Description: Voudou (an older spelling of voodoo)—a pantheistic belief system developed in West Africa and transported to the Americas during the diaspora of the slave trade—is the generic term for a number of similar African religions which mutated in the Americas, including santeria, candomble, macumbe, obeah, Shango Baptist, etc. Since its violent introduction in the Caribbean islands, it has been the least understood and most feared religion of the New World—suppressed, out-lawed or ridiculed from Haiti to Hattiesburg. Yet with the exception of Zora Neale Hurston's accounts more than a half-century ago and a smattering of lurid, often racist paperbacks, studies of this potent West African theology have focused almost exclusively on Haiti, Cuba and the Caribbean basin. American Voudou turns our gaze back to American shores, principally towards the South, the most important and enduring stronghold of the voudou faith in America and site of its historic yet rarely recounted war with Christianity. This chronicle of Davis' determined search for the true legacy of voudou in America reveals a spirit-world from New Orleans to Miami which will shatter long-held stereotypes about the religion and its role in our culture. The real-life dramas of the practitioners, true believers and skeptics of ...
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Américo Paredes: in His Own Words, an Authorized Biography

Américo Paredes: in His Own Words, an Authorized Biography

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Date: April 15, 2010
Creator: Medrano, Manuel F.
Description: Américo Paredes (1915-1999) was a folklorist, scholar, and professor at the University of Texas at Austin who is widely acknowledged as one of the founding scholars of Chicano Studies. Born in Brownsville, Texas, along the southern U.S.-Mexico Border, Paredes grew up between two worlds—one written about in books, the other sung about in ballads and narrated in folktales. After service in World War II, Paredes entered the University of Texas at Austin, where he completed his Ph.D. in 1956. With the publication of his dissertation, “With His Pistol in His Hand”: A Border Ballad and Its Hero in 1958, Paredes soon emerged as a challenger to the status quo. His book questioned the mythic nature of the Texas Rangers and provided an alternative counter-cultural narrative to the existing traditional narratives of Walter Prescott Webb and J. Frank Dobie. For the next forty years Paredes was a brilliant teacher and prolific writer who championed the preservation of border culture and history. He was a soft-spoken, at times temperamental, yet fearless professor. In 1970 he co-founded the Center for Mexican American Studies at the University of Texas at Austin and is credited with introducing the concept of Greater Mexico, decades before its ...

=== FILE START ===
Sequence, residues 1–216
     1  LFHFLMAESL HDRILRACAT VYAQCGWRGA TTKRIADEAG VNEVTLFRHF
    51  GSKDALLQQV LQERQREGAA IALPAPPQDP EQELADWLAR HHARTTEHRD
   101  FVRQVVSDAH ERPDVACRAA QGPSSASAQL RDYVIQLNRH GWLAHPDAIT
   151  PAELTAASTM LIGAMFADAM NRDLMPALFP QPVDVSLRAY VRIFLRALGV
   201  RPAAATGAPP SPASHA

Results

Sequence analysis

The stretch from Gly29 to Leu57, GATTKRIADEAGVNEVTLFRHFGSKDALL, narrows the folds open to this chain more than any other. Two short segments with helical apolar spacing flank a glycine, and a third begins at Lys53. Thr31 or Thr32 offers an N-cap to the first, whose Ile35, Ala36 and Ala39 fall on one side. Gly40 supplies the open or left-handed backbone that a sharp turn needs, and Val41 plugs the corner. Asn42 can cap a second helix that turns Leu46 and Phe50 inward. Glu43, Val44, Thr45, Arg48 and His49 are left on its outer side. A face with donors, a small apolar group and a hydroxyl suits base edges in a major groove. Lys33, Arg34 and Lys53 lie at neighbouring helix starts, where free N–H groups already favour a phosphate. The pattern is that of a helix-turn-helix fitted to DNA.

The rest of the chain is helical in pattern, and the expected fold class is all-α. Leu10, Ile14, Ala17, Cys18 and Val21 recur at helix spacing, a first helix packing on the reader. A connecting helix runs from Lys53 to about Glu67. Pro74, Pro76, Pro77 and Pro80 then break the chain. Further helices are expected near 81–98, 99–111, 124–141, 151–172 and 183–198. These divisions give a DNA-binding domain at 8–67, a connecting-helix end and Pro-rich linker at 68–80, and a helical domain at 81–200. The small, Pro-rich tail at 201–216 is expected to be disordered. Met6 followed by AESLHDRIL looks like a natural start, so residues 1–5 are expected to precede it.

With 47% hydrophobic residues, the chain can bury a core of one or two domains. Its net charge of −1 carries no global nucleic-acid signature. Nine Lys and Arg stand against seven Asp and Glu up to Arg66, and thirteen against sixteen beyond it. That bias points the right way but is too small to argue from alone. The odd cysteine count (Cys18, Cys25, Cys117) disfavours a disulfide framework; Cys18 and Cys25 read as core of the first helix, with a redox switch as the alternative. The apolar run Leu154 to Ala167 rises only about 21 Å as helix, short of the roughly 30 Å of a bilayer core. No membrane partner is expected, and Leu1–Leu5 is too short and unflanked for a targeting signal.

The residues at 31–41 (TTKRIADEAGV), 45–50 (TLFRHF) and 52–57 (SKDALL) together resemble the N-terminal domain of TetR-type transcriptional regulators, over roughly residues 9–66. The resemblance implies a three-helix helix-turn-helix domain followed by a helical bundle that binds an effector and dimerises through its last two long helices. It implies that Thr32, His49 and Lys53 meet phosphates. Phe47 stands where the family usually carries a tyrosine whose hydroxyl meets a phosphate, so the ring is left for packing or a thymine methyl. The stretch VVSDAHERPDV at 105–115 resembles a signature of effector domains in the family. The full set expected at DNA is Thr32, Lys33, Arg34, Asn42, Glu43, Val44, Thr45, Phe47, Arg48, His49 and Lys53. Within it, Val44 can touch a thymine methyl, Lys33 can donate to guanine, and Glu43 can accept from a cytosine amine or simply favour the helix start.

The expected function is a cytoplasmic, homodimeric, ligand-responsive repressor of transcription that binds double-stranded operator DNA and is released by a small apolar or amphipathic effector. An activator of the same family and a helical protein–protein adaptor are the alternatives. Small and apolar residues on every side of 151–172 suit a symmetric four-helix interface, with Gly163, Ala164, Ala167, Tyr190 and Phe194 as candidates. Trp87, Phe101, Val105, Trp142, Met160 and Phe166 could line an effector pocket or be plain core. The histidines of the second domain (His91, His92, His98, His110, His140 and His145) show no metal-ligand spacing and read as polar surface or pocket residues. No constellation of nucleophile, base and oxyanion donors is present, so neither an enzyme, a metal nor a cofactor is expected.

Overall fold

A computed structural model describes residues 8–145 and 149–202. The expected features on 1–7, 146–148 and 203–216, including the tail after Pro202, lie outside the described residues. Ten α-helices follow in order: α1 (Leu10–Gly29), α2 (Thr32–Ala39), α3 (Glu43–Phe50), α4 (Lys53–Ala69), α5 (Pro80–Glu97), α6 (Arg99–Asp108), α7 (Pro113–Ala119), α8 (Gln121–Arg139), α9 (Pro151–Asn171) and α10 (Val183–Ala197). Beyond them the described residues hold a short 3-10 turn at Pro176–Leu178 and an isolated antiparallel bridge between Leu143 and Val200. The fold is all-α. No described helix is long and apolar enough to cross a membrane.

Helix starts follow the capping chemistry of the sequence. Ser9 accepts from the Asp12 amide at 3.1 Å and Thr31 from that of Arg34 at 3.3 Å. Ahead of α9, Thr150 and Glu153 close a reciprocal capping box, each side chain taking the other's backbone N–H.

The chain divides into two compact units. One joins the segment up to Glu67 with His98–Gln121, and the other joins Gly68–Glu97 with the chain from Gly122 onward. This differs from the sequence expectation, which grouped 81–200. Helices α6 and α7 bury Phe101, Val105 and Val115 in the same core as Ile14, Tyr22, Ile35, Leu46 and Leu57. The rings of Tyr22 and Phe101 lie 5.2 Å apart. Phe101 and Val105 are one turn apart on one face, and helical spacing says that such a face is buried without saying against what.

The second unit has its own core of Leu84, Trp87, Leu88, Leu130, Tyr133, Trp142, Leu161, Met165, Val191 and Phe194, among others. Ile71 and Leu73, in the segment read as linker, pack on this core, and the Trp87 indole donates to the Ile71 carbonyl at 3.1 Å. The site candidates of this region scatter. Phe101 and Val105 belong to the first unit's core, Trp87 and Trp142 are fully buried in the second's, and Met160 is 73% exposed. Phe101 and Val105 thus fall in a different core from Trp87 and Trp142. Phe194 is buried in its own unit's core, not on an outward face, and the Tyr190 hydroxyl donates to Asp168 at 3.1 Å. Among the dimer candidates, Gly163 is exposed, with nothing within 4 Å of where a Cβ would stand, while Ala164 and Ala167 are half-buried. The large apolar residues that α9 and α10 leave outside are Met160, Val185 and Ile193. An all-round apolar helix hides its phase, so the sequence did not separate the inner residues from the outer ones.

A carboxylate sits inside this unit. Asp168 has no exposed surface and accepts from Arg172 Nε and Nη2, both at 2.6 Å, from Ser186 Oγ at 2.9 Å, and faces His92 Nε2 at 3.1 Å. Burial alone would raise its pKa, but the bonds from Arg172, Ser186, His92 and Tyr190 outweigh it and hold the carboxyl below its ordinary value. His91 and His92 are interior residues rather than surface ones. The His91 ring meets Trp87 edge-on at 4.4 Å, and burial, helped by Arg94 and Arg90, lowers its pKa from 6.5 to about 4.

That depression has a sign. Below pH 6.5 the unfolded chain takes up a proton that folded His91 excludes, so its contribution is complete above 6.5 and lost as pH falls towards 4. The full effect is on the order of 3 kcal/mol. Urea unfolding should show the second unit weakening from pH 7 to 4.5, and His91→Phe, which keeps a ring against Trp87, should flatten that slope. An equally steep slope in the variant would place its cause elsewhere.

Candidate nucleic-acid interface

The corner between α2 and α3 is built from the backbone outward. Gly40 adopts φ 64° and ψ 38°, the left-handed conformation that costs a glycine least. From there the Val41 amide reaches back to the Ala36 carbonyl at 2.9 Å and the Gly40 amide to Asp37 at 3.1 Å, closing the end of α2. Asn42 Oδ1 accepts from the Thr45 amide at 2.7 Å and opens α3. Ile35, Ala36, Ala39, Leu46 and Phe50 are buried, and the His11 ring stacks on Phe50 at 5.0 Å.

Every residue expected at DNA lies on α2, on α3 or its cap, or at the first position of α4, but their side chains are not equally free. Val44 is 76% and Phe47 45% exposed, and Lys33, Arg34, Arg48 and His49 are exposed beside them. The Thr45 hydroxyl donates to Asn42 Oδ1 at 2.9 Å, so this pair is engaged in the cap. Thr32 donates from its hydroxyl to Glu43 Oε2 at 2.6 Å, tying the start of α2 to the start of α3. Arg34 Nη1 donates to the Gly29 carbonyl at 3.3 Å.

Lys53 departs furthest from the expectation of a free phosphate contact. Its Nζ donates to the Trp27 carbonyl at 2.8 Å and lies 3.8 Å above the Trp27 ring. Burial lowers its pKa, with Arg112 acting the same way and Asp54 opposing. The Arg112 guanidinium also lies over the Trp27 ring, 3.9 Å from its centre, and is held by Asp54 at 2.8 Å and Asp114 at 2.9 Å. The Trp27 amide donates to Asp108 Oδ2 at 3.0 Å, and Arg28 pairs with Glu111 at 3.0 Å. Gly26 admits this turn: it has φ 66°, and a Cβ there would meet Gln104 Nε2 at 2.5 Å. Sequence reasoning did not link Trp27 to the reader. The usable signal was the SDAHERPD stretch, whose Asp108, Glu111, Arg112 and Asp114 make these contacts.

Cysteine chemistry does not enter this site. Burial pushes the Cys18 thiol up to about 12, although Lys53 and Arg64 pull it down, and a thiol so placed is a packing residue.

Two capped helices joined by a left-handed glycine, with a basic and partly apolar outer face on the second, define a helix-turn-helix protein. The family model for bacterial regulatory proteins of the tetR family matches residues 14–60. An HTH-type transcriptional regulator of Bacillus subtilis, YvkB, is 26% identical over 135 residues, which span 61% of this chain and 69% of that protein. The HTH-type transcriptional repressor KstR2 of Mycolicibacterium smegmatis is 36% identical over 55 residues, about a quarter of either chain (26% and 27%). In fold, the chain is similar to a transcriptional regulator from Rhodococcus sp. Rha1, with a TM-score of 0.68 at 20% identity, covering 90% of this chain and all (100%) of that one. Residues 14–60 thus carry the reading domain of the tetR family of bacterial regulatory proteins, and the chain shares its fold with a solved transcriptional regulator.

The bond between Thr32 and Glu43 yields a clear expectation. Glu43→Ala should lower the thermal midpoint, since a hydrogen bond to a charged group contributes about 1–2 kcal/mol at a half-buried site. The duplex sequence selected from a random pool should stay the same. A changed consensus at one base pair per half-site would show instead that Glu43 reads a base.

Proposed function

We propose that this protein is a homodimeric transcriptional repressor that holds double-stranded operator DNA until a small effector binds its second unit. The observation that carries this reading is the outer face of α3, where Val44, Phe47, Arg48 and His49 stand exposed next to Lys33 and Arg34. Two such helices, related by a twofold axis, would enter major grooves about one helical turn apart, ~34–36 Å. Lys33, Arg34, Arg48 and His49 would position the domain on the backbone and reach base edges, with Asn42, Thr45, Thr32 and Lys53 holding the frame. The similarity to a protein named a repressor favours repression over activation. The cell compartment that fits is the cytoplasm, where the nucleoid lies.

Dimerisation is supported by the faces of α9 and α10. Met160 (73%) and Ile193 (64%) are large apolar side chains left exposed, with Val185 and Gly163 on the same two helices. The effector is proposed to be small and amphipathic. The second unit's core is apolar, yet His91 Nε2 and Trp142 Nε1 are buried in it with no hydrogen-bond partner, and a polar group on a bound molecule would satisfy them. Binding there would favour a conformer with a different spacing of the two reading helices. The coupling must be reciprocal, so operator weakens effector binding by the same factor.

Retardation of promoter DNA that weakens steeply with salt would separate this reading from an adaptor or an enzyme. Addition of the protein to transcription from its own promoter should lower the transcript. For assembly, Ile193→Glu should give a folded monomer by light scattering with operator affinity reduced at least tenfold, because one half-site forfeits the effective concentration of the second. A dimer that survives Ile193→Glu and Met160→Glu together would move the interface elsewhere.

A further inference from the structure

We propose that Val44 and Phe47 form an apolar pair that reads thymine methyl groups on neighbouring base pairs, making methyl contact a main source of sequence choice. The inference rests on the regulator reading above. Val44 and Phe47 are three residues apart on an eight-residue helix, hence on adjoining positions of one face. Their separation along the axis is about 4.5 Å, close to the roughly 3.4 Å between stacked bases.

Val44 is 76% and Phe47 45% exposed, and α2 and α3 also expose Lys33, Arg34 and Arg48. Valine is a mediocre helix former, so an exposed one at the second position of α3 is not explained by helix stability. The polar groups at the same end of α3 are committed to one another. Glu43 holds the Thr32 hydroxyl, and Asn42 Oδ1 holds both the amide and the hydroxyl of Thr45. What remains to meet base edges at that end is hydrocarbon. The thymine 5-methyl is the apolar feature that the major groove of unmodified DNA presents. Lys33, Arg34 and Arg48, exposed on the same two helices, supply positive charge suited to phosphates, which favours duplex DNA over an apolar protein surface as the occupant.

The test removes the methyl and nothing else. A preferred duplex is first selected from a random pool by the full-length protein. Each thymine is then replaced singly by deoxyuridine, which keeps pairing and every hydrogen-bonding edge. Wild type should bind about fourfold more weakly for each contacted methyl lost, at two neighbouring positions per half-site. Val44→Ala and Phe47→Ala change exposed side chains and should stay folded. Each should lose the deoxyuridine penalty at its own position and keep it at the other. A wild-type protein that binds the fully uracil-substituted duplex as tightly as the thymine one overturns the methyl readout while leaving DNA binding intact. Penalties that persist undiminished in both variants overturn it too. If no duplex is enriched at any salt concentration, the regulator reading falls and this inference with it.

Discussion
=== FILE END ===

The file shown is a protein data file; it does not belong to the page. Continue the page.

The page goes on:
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Analytical Index to Publications of the Texas Folklore Society, Volumes 1-36

Analytical Index to Publications of the Texas Folklore Society, Volumes 1-36

Date: 1973
Creator: Bratcher, James T.
Description: Index to the first thirty six volumes of the Publications of the Texas Folklore Society. The book is broken up into three parts: Specialized Indexes, Tale Synopses and an Alphabetical Index.
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And Horns on the Toads

And Horns on the Toads

Date: 1959
Creator: Boatright, Mody Coggin
Description: This volume of the Publications of the Texas Folklore Society includes folk stories and tall tales about the horned toad and other Texas folklore. The index begins on page 235.
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Andersonvilles of the North: the Myths and Realities of Northern Treatment of Civil War Confederate Prisoners

Andersonvilles of the North: the Myths and Realities of Northern Treatment of Civil War Confederate Prisoners

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Date: October 15, 2008
Creator: Gillispie, James M.
Description: Soon after the close of military operations in the American Civil War, another war began over how it would be remembered by future generations. The prisoner-of-war issue has figured prominently in Northern and Southern writing about the conflict. Northerners used tales of Andersonville to demonize the Confederacy, while Southerners vilified Northern prison policies to show the depths to which Yankees had sunk to attain victory. Over the years the postwar Northern portrayal of Andersonville as fiendishly designed to kill prisoners in mass quantities has largely been dismissed. The Lost Cause characterization of Union prison policies as criminally negligent and inhumane, however, has shown remarkable durability. Northern officials have been portrayed as turning their military prisons into concentration camps where Southern prisoners were poorly fed, clothed, and sheltered, resulting in inexcusably high numbers of deaths. Andersonvilles of the North, by James M. Gillispie, represents the first broad study to argue that the image of Union prison officials as negligent and cruel to Confederate prisoners is severely flawed. This study is not an attempt to “whitewash” Union prison policies or make light of Confederate prisoner mortality. But once the careful reader disregards unreliable postwar polemics, and focuses exclusively on the more reliable ...